After installation, the best time for sealing pavers is when the new pavers are dry and free of any dirt or debris. Most experts recommend waiting for at least 24 to 48 hours before sealing the new pavers after installation.
How long should I wait before sealing my new pavers? Typically 60-90 days. The main reason to wait is so that efflorescence can work its way to the surface and be cleaned off.
So, it's very important to seal your pavers right away. Now we suggest maybe waiting 30 to 60 days, to let the rain really hit it, and wash off the construction debris, let that stone sit and breathe a little bit. But at that 60 day point, its ready to be sealed.
Traditionally, concrete paver manufacturers have recommended waiting at least 90 days after polymeric sand installation to apply a protective sealant to a paver surface. Nowadays, a 30 day delay is sufficient to allow the evaporation of any remaining natural efflorescence contained in the pavers.
It's best to wait 2-3 months (or even up to one year) before sealing to ensure the efflorescence is completely gone. 2. Make sure the pavers are clean. In addition to the absence of efflorescence, the pavers should be clear of any debris and have no staining.
Keep away from walks and patios for at least 24 hours. If the pavers are for your driveway, wait 48 hours before driving over them, It's also best to wait a full 30 days before you try to clean or seal your pavers. They need weeks to fully cure.
If us- ing polymeric sand, you can install it after the sealer application has properly cured for 24 - 48 hours. If polymeric sand is installed prior to sealing, be sure surface is dry for 24 hours before applying sealer.
To sum up, polymeric sand is a useful adhesive used under brick pavers to hold them in place. It's a long-lasting material that can last for up to 15 years if proper care is taken during the installation process.
You're wondering what happens if you don't seal pavers. Your pavers won't disintegrate if you don't seal them, but they'll likely fade much sooner than if you applied sealant. You'll also need to clean them more often, and the stains won't be as easy to remove.
However, “too much of a good thing” can come into play, and you should be wary of over-applying paver sealer by reapplying too often, which could create a haze.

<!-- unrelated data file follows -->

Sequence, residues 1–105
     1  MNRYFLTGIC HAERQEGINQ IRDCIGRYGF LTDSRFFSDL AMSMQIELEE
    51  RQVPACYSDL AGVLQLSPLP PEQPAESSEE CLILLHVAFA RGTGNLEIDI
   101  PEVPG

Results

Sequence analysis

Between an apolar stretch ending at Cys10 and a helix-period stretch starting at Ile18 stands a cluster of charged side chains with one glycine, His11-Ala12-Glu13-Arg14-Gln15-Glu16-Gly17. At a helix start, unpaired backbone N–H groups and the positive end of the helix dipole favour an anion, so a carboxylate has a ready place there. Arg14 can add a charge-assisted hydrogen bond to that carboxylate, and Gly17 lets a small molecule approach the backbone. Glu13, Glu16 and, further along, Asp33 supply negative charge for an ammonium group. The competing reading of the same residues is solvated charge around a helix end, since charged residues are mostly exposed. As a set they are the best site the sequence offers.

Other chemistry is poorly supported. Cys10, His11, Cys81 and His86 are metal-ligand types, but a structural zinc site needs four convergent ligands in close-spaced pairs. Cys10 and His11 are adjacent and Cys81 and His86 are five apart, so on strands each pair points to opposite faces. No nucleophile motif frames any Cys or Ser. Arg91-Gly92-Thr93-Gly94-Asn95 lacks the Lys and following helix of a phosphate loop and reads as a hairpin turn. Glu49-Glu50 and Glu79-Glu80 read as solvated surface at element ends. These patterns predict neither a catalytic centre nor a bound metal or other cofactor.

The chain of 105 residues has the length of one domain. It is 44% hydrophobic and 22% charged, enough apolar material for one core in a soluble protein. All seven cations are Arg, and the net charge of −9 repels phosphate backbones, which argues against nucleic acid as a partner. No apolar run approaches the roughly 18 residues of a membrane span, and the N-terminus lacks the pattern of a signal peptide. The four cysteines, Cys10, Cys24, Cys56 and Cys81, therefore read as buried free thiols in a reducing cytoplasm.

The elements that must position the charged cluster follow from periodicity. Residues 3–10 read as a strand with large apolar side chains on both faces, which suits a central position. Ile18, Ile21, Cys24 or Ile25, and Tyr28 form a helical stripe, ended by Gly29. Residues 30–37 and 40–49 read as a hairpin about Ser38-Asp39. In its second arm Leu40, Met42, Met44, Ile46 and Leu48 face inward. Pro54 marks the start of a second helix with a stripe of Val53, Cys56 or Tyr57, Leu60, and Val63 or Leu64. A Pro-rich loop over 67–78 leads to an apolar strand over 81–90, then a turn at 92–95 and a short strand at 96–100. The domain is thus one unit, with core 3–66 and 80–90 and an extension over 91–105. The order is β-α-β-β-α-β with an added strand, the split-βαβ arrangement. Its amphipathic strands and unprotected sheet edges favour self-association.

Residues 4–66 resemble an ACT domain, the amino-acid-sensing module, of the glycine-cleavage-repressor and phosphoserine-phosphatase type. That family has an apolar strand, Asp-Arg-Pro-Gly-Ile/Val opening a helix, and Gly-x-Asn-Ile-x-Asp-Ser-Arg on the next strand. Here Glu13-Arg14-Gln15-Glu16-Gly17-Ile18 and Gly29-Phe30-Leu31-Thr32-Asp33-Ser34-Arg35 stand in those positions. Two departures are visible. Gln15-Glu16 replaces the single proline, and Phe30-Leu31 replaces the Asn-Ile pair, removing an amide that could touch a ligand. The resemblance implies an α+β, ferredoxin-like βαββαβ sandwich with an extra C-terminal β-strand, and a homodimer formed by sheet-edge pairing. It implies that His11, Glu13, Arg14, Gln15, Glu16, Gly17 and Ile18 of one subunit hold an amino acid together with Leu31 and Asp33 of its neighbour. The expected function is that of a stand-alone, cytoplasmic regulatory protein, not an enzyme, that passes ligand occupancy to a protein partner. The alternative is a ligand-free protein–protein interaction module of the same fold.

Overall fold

Acrylics. Acrylic paver sealers, either solvent- or water-based, offer the most comprehensive ultraviolet (UV) resistance. Acrylic sealants can be breathable, depending on their solid content.
Customers must also allow at least a 24-48 hours of dry weather after sealer has been applied. If the sealer is not cured correctly, water can cause white marks or stains on your pavers and can even be trapped beneath the layer of sealer.
You pressure clean the pavers, re-sand the paver joints and then apply two coats of your favorite paver sealer and the job was complete.
The culprits of blotchy concrete after sealing
When you find yourself staring at discolored concrete that has already been sealed, there are usually three potential sources of blame: The sealer was applied poorly. Not enough sealer was applied. The concrete itself had varying absorption rates.
However, you should NEVER install polymeric sand when it is raining! Rain activates the polymers before the sand is in the joints which will ruin your hardscape by producing a haze and adhering sand grains to the surface of the pavers.
After installation, a hard rain on polymeric sand that has not fully set up could result in polymeric sand all over the top of the pavers. You want to make sure your surface is dry prior to installation and no rain is in the forecast after completing the job for the specified period of time.
If your polymeric sand didn't harden up, it's pretty much guaranteed there's a moisture issue. If the joints remain wet after the installation, they will remain soft until they dry. So getting one initial complete drying "set" is very important to the long-term performance and lifespan of the product.
The Problem With Polymeric Sands & Water Mitigation
Most polymeric sands don't drain water which meant small stones were used to fill the joints between the interlock. For driveways, this solution isn't a big issue but near a pool or patio, people prefer the smooth uniformity of polymeric sand.
Polymeric Sand FAQs
No, new product won't adhere to the old. You have to remove the old polymeric sand and then apply fresh product for the best result. How to replace polymeric sand between pavers? Inspect the pavers to make sure the sand in the crevices is at least 1/8″ below the top of the pavers.
Regular sand for paving is prone to erosion, damage from weeds and can make your pavers hard to wash without risking the loss of any jointing sand between the stones. Using polymeric sand, however, prevents weeds from taking root and holds pavers firmly in place thanks to the durability of its seal.
Enhanced aesthetic: The paver sealer enhances the curb appeal of your properties and provides perfect finish to the paved areas and at the same time stabilizes the joint sand by locking it in place. It protects the pavement against harmful UV rays and prevents fading.
One of the best paver sealers is the Siloxa-Tek 8500. It is a penetrating concrete sealer designed to treat a variety of applications with an emphasis on hydrophobicity and reduction of water uptake. It dries completely clear with a natural finish that will not change the look or appearance of the susbtrate.
Most contractors and manufacturers recommend sealing pavers for the many benefits. Both concrete and brick pavers are porous materials that can change quality and appearance when they absorb liquids.